US President Donald Trump has days to decide whether to impose tariffs on nearly $US160 billion ($A235 billion) in Chinese consumer goods just weeks before Christmas, a move that could be unwelcome both at home and in China.
The White House's top economic and trade advisers, including Trade Representative Robert Lighthizer, Larry Kudlow, Peter Navarro, and Treasury Secretary Steven Mnuchin are expected to meet in coming days with Trump over the decision, one person briefed on the situation said.
There is still no clarity on what the decision will be.
The way the tariffs are written, the Trump administration has to act, or else they automatically go into effect, trade experts said.
"Unless USTR (the US Trade Representative) issues a notice of modification for these tariffs, they will take effect on December 15 as scheduled," said Tami Overby, senior director at McLarty Associates, a Washington-based trade consultant.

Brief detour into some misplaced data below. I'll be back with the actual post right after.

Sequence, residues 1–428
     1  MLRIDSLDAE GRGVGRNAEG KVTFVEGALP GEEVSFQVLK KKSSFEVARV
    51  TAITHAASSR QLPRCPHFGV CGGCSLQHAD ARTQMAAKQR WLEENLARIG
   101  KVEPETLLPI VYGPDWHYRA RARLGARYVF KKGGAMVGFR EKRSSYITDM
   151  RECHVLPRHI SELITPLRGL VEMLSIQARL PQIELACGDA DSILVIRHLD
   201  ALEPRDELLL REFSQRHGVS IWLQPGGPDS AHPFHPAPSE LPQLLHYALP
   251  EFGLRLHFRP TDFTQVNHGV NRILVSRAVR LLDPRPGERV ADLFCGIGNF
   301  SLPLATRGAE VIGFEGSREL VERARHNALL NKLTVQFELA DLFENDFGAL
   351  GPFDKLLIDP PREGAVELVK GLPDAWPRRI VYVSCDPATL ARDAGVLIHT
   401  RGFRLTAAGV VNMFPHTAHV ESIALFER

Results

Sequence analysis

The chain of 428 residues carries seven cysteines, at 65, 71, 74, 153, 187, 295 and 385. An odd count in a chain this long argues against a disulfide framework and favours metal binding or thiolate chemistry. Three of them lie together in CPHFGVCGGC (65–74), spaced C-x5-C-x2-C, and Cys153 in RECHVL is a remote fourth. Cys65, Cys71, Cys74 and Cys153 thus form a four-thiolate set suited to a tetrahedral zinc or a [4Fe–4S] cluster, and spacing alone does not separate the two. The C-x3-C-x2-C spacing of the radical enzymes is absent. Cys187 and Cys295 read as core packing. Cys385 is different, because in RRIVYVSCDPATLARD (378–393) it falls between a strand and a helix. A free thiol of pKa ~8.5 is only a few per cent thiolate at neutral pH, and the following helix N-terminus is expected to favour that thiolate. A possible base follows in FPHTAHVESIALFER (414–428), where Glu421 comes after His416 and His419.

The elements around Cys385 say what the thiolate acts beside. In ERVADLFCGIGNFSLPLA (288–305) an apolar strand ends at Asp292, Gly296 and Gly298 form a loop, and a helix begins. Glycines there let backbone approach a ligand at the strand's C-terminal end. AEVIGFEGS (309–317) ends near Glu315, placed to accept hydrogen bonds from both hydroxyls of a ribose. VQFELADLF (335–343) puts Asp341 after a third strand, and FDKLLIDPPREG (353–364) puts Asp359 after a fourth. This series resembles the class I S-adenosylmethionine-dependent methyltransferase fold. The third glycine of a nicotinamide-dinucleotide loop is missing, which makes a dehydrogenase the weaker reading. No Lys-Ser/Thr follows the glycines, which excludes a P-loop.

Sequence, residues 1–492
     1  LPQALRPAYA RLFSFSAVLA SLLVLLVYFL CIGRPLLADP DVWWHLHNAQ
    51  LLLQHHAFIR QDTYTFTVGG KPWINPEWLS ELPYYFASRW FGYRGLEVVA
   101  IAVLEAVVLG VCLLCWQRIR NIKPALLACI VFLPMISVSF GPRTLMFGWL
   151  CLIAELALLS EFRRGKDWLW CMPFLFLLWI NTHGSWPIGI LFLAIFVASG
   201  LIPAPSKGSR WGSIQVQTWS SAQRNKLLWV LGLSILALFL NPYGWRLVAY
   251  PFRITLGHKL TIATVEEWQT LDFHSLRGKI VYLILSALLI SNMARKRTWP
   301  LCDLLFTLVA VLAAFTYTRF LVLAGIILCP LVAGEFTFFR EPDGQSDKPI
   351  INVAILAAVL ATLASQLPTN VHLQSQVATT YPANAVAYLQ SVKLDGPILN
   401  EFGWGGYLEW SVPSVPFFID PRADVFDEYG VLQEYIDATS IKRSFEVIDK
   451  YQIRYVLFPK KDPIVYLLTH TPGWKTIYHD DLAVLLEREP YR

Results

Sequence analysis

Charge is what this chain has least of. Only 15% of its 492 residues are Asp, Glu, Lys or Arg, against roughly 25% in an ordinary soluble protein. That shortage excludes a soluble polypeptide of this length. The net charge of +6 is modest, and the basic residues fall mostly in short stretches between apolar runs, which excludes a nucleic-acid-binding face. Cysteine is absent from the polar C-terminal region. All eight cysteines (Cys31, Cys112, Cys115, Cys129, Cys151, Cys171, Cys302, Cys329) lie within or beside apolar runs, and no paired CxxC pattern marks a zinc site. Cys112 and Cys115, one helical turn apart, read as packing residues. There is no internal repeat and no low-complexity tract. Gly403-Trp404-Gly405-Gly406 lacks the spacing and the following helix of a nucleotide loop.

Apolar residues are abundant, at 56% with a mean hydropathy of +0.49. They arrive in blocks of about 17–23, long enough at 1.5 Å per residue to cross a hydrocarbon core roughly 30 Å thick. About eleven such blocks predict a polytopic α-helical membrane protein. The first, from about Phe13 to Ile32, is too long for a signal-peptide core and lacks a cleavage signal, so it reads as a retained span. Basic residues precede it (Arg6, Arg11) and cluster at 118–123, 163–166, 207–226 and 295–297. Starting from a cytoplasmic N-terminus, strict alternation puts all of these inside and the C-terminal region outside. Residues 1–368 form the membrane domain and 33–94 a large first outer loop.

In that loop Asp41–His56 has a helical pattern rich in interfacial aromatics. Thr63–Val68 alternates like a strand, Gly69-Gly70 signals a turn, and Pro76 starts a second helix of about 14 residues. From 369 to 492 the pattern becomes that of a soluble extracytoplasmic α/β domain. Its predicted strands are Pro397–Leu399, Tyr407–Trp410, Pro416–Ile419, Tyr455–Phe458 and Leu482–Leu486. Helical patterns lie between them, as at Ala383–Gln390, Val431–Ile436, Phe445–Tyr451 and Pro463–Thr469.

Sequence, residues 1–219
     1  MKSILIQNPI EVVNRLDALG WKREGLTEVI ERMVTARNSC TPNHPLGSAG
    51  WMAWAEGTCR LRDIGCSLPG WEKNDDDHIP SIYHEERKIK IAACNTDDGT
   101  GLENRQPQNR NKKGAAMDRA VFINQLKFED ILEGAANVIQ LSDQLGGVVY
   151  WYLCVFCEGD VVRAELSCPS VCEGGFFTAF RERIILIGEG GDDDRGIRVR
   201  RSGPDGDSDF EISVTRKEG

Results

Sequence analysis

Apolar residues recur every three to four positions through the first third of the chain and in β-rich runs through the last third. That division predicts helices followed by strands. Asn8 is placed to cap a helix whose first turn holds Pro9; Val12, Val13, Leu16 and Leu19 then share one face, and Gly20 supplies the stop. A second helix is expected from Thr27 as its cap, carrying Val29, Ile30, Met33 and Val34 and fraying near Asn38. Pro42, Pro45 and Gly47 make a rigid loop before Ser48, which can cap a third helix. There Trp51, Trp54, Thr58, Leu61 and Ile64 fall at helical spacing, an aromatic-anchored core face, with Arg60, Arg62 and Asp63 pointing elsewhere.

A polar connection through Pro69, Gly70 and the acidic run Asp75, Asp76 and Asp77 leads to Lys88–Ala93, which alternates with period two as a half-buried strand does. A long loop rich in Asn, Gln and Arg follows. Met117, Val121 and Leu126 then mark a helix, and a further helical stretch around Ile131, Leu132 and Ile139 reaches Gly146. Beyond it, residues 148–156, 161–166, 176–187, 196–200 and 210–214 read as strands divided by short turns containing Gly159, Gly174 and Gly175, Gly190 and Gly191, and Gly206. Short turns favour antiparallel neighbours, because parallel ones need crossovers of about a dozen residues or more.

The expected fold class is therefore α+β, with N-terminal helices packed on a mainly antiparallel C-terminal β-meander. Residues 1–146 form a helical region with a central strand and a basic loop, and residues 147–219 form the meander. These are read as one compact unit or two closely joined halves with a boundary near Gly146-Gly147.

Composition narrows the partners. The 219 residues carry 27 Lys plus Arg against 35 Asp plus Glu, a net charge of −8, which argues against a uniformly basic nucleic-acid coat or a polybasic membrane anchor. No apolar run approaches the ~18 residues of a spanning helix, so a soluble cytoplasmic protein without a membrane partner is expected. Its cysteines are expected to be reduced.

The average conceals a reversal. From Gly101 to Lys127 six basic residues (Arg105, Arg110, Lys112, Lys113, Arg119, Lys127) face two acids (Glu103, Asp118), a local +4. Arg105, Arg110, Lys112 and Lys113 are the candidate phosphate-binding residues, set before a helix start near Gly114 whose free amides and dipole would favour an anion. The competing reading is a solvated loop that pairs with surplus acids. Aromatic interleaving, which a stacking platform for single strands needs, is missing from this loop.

Kudlow, director of the White House's National Economic Council, said late Tuesday morning no decision had been made.
"The reality is those tariffs are still on the table ... and the president has indicated if the short strokes remaining in negotiations do not pan out to his liking that those tariffs could go back into place," Kudlow said at a Wall Street Journal conference.
The Trump administration said in August it would put 15 per cent tariffs on billions in Chinese-made consumer goods on December 15.
Known as the "4B" list of goods, those tariffs would hit video game consoles, computer monitors, Christmas decorations, toys and other items including clothing often given as gifts.
The White House has been deliberating for weeks whether or not to impose the tariffs, and said in early November they would likely be averted if a Phase One deal was reached.
Both sides have still not reached agreement on crucial parts of the deal.
These include the amount of US agricultural goods Beijing would agree to purchase and when the US would roll back other tariffs it imposed on Chinese goods, people briefed on the talks said.
If the White House does allow the tariffs to take effect, then the US-China deal talks are likely done for the remainder of Trump's term, the source said.
Australian Associated Press